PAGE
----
Settling down in the wood-paneled library of Writers House, one of the leading literary agencies in New York, we were excited to be in an historic townhouse, far afield from the usual glass and steel publishing environments. Despite the setting, there is nothing old world or leisurely about the way agents at Writers House conduct their business. On one of the regular industry visits sponsored by the Center for Publishing’s MS in Publishing: Digital and Print Media program, a group of students had the opportunity to meet with three top agents as well as an alumna of the publishing program. The visit, organized by Michael Mejias, Director of the Internship Program at Writers House, was a great way to understand the daily life and business goals of an agent. Founded in 1973, the company has 17 senior agents, 6 junior agents, several assistants, and a robust internship program.
We met first with Alexandra (Allie) Levick, who graduated from the MS in Publishing: Digital and Print Media program last December. Levick now works as an assistant to Merrilee Heifetz, one of the leading agents at Writers House who represents Neil Gaiman, among other award-winning and bestselling authors. Levick’s job has many responsibilities, including supporting Heifetz in various aspects of her work, reading client manuscripts, helping with contracts and rights, sending out checks and royalty statements, and much more. According to Levick, one of the most interesting parts of her job is reading query letters and the first ten or so pages of submitted manuscripts from prospective authors. She then passes the submissions she feels have promise to Heifetz.
Levick told us that she is very proud and excited that Heifetz signed one of the authors she recommended, Kristen Orlando, whose young adult spy thriller You Don’t Know My Name will be Swoon Reads first hard cover book, publishing in January 2017. Writers House will represent Orlando’s works going forward.
We listened to this with great interest, and also to Levick’s thoughts on what it takes to work in a literary agency. “Grab opportunities that come your way, and be 100% sure you want to do this, to dedicate yourself, because it is a lot of work,” she said, noting that most of her reading takes place outside the office. While a love of books is clearly key (and Levick demonstrated a keen passion for her work), she added that “so much of what you do is trouble shooting, a quality you innately need to have to do well. You need to be super anticipatory.”
Next, we heard from Writers House President Simon Lipskar, a prominent agent who talked about how the business has expanded in complexity with the growth of digital. He described the role of an agent as the business partner of an author. “An agent will do everything and anything necessary to give authors the career they expect,” he noted. He also said that the agent has a fiduciary responsibility to the author: “Nothing else matters; the client comes first,” he emphasized. “We always ask ourselves: ‘what is the right decision for our client?’” Lipskar then proceeded to explain the role of each party involved in the publishing process: the writer is the “owner” of a very risky business, similar to a startup company; the publisher is essentially a “portfolio manager with a vast number of investments in different assets and the goal of managing risk and reward.” As for the agent? His job, said Lipskar, is to “help authors reduce risk and put them in the best position to succeed.” The ultimate goal is to “minimize risk and maximize value.”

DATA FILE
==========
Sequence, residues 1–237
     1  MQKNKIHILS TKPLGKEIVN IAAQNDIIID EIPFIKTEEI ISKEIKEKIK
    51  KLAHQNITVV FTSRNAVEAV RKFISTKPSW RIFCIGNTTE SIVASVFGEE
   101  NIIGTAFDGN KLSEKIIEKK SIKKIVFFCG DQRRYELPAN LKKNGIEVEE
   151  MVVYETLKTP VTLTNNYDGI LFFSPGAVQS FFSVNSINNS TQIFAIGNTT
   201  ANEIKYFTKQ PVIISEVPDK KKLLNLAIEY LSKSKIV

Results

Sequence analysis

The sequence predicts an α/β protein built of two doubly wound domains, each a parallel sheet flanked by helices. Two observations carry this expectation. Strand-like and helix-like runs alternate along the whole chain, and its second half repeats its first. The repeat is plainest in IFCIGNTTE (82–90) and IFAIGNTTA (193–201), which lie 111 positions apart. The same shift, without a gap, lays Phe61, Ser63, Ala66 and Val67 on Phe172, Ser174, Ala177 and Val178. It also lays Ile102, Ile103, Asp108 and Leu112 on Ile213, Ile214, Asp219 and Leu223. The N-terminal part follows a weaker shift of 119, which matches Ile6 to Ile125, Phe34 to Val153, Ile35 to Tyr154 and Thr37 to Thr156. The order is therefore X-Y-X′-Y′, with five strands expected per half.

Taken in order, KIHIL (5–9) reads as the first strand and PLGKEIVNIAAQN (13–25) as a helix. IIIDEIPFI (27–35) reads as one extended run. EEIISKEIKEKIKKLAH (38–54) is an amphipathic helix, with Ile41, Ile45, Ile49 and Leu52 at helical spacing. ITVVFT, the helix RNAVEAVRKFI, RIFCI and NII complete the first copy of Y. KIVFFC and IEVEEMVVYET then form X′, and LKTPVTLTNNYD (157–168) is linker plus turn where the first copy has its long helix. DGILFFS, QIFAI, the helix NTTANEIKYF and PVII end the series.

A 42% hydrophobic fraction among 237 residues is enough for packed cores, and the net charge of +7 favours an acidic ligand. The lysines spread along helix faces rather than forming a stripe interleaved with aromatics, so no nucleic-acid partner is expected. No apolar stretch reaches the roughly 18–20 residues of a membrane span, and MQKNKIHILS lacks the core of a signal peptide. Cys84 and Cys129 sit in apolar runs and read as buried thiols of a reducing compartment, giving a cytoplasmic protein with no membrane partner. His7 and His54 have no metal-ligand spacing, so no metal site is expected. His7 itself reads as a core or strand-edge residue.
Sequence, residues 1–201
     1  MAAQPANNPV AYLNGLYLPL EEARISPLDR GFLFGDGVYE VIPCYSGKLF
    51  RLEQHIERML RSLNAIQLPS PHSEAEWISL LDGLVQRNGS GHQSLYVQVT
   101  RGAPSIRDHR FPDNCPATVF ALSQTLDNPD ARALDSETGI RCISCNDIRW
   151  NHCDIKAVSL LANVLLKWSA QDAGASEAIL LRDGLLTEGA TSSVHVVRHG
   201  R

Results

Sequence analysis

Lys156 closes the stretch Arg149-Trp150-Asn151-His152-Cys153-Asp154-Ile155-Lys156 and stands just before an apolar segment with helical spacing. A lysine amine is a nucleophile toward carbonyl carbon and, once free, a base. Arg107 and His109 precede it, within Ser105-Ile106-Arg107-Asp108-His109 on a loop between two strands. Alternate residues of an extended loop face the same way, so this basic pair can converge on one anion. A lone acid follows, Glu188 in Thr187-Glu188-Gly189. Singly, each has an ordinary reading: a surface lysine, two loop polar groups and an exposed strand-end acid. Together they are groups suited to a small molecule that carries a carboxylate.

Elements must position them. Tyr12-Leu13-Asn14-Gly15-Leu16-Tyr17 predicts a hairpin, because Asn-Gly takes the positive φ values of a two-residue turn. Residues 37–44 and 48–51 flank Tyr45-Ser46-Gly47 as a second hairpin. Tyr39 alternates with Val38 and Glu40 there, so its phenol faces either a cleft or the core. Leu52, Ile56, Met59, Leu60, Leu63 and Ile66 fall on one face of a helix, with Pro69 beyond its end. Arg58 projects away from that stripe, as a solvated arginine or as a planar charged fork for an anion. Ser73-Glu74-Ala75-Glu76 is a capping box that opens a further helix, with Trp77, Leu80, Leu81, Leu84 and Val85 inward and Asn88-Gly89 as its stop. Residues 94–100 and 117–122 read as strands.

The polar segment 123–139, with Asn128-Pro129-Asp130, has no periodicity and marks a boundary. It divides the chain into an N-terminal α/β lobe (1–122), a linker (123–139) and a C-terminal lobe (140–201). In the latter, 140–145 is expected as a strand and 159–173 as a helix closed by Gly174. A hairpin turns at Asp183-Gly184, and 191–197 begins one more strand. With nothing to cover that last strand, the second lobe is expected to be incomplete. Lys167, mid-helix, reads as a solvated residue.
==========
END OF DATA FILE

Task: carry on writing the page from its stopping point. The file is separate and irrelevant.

While Lipskar clearly feels it’s important for an agent to thoroughly understand the business side of the job, he’s most interested in “finding great writers and great voices” when looking for a new project.
We heard next from Writers House Chairman Amy Berkower, whose clients include Nora Roberts, Dave Barry, Sharon Creech, Jack Gantos, and Laurie Halse Anderson. Berkower, who is one of the most celebrated children’s and young adult agents in the industry, started the children’s business at Writers House in 1978. Her first sale as an agent grew into the Choose Your Own Adventure series consisting of over 100 titles, and was soon followed by other series including Sweet Valley High, The Babysitters Club, Junie B. Jones, and Captain Underpants. “The focus now is on what kids want to read, and not on what parents and teachers think they should read,” Berkower noted.
Last to speak was Senior Agent Daniel Lazar, who told us that in his experience, the books don’t just come in. “You also have to look out for them,” he explained, noting that an agent is always seeking new authors and voices and marrying writers with ideas. For Lazar, whose authors include Rachel Renee Russell, Jennifer McMahon, Stephan Pastis, Rachel Hartman, and Shawna Yang Ryan, one of the joys of working at an agency like Writers House is that you have the freedom to “work on whatever you want… as long as it sells.” He also noted that being an agent means dealing with a certain amount of rejection, and holding to your convictions: “You have to have supreme confidence in your taste. You need to be passionate about your authors and what you submit [to editors]. And you need the passion to advocate.”
For the publishing students in attendance, the visit to Writers House was very enlightening about the roles and responsibilities of an agent: what to expect, what not to expect, and the 24/7 commitment required to succeed in this complex and fascinating business.
by Alicia Chemor